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NCJ Number: 136139 Find in a Library
Title: State of Criminology: Theoretical Decay or Renaissance (From Advances in Criminological Theory, Volume 2, P 155-166, 1990, William S Laufer and Freda Adler, eds. -- See NCJ-136131)
Author(s): J Braithwaite
Date Published: 1990
Page Count: 12
Sponsoring Agency: Transaction Publishers
Piscataway, NJ 08854
Sale Source: Transaction Publishers
Rutgers-the State University
140 West Ethel Road
Units L-M
Piscataway, NJ 08854
United States of America
Type: Research (Theoretical)
Language: English
Country: United States of America
Annotation: The paradox of the contemporary state of criminology is that criminological theory has been paralyzed by developments that should have enhanced it.
Abstract: Even though criminal behavior is disparate and complex, with different causal histories, general crime theories are still possible. The challenge for theoretical criminology is to take general, uncontroversial explanations of crime and give them the specificity of content that will ultimately build criminological theory into something that can provide new insights into crime. In particular, the study of how offenders perceive and problematize criminal law is important to identify how conflict over the content of law unfolds and to engender an appreciative stance toward the offender. Criminological theory has been paralyzed by developments that should have enhanced it such as a growing appreciation of ways criminals render criminal law problematic and the richness and diversity of variables involved in causal histories of particular crimes. The current state of criminology is thus one of abject failure in its own terms. The goal of criminology as a science should be to build theories of as general a scope as possible so that policymakers can work through the theories as alternative frameworks for evaluating particular policy interventions. 26 references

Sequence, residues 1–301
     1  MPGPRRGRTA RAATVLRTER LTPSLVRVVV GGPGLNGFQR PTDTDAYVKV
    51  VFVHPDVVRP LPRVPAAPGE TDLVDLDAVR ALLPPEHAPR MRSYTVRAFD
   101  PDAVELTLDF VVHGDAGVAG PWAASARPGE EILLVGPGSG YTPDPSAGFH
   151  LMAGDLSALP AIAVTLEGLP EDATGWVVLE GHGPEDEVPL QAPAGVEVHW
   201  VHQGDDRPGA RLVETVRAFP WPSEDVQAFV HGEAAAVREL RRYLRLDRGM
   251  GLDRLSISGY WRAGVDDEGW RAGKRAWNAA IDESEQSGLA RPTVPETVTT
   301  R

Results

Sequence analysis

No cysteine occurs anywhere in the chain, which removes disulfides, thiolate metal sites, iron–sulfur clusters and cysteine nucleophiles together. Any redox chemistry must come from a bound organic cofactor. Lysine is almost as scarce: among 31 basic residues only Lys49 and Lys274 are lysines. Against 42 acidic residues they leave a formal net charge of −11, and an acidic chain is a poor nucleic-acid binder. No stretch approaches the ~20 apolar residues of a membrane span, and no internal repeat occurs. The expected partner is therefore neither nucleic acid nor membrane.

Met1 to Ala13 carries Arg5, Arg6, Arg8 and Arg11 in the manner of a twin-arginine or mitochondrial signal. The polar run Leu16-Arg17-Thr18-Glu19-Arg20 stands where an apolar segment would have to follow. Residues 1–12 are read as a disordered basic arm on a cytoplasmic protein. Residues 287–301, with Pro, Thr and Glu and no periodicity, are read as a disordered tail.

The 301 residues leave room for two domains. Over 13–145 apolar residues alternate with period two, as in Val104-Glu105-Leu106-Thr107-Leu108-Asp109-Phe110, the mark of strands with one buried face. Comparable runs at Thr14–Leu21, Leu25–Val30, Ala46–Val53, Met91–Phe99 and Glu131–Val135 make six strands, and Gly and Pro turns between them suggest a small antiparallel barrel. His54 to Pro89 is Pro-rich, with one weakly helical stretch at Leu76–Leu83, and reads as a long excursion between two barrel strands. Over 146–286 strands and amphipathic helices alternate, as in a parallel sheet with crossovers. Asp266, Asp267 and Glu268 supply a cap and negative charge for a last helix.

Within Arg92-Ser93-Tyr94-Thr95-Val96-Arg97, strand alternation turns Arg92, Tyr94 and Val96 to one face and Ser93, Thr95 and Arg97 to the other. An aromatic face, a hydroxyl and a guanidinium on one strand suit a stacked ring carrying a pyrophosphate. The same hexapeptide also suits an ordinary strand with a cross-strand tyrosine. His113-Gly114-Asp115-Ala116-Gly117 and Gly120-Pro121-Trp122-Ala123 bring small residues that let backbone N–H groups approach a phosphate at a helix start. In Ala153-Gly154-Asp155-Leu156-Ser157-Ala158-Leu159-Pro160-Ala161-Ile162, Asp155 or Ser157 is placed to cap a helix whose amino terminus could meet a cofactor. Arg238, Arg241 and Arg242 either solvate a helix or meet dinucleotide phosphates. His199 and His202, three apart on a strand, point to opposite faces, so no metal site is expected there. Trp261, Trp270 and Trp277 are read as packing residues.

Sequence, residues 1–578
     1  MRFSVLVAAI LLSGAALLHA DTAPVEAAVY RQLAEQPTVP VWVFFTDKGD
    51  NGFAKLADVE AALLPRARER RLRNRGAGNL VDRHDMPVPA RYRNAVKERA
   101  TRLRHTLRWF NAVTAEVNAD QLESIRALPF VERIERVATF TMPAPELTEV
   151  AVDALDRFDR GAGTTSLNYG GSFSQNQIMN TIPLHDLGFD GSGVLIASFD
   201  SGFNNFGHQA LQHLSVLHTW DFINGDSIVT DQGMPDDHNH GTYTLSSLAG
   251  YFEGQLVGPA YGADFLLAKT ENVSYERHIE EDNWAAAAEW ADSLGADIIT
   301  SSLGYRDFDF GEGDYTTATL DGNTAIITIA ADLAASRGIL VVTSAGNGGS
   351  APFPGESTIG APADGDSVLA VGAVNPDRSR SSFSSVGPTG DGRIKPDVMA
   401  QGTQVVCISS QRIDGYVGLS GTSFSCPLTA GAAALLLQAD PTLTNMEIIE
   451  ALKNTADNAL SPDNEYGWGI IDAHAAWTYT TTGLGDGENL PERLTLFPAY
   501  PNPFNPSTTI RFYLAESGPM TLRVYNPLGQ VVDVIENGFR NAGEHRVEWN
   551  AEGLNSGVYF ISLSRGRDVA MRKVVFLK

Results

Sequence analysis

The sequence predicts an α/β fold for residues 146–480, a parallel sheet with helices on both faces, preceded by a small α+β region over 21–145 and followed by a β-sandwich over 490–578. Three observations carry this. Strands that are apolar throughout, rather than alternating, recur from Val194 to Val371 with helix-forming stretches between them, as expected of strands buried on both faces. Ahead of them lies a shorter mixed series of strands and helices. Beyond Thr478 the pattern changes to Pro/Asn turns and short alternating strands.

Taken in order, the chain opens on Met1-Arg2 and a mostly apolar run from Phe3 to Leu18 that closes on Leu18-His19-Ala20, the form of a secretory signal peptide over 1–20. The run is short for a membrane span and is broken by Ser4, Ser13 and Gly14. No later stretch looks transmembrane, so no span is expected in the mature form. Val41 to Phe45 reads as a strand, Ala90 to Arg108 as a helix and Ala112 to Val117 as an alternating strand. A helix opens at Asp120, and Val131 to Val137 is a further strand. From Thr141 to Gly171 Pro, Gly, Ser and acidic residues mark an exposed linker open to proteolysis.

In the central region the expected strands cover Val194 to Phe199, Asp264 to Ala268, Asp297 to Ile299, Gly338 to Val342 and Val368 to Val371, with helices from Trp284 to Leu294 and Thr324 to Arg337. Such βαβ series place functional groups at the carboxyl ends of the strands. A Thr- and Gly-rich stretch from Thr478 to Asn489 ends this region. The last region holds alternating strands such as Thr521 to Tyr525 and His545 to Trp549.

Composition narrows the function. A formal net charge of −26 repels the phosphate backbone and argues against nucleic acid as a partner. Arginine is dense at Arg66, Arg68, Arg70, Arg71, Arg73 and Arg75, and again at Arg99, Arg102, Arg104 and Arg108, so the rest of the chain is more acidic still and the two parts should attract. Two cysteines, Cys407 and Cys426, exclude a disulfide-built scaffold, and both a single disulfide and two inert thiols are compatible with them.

Main Term(s): Criminology theory evaluation
Index Term(s): Crime causes theory
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